Ovide helpfully describes for her readers Facebook’s now traditional “three-step playbook,” which essentially consists of giving people a place to hang out (step 1); inviting business in to mingle with their victims (step 2); getting businesses to pay for advertising (step 3). Because WhatsApp isn’t about mingling, they haven’t found a way of applying the model. Ovide pertinently remarks that Facebook “doesn’t exactly know what else to do when it has to deviate from its three-step plan.”
They could have just left things the way they were, since they apparently weren’t losing money and their users were very happy with the functionality provided. Moreover, WhatsApp’s success meant that no one else would be tempted to enter the marketplace to challenge it. But monopoly can never leave well enough alone, especially if it knows it has access to billions of people that it isn’t monetizing. It must reach ever higher and farther.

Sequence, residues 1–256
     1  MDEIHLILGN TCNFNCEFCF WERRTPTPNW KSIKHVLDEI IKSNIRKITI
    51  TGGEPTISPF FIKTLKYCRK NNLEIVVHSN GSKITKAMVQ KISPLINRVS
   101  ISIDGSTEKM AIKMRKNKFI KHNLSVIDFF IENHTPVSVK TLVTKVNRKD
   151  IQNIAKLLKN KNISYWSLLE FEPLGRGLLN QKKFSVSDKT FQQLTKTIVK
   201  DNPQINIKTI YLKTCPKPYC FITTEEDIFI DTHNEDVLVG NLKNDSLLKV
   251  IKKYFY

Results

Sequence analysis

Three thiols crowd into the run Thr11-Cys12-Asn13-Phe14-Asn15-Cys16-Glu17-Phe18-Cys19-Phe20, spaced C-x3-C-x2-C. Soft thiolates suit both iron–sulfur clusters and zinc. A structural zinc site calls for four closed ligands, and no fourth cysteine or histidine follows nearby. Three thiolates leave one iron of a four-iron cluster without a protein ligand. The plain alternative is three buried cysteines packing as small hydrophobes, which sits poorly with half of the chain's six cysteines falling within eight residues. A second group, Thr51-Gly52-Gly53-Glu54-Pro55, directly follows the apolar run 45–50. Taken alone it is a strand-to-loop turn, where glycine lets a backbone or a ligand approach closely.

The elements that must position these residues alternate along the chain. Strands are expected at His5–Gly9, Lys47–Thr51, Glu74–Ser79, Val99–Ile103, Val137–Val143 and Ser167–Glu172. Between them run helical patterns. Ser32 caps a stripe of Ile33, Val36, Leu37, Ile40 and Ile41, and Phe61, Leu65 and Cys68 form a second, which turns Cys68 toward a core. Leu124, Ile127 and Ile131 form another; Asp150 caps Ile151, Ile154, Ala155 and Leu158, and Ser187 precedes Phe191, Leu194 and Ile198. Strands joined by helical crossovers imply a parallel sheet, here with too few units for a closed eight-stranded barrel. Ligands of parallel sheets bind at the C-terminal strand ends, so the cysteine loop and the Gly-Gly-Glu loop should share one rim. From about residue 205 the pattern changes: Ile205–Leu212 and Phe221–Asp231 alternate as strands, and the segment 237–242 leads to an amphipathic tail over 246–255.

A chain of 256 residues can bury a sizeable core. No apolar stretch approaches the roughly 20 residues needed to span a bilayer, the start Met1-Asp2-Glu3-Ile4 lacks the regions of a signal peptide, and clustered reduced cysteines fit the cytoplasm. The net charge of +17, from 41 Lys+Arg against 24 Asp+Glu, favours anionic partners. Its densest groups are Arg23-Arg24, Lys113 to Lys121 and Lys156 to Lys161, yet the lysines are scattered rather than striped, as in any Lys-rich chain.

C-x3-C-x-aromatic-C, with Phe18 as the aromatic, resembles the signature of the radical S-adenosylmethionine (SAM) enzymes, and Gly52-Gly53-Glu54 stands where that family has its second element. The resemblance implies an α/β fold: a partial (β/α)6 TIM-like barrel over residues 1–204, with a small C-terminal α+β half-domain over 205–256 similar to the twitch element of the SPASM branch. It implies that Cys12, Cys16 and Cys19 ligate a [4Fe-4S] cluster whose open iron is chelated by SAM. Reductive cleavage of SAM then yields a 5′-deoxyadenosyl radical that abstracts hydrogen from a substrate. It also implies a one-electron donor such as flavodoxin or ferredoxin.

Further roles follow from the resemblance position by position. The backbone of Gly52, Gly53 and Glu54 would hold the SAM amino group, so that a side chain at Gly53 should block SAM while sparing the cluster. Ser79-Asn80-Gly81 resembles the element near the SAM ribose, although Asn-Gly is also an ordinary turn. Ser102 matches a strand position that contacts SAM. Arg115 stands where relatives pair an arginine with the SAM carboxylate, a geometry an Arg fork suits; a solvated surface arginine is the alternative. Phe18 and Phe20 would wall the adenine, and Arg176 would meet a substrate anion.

At this point, Ovide expresses her own hint of schadenfreude: “It’s heartening, really, to see the big and mighty Facebook fumbling in the dark a little.” She then speculates on the probability of success for Facebook’s plan of turning WhatsApp into “a 21st-century Sears catalog,” which they have already started to do. She recognizes that this is terra incognita even for the members of Facebook’s team, who have been everywhere and done everything. She appears to reflect the uncertainty of Facebook’s strategists themselves: “Or maybe none of this will catch on widely. I don’t know, and maybe for the first time in its history, Facebook doesn’t know, either.”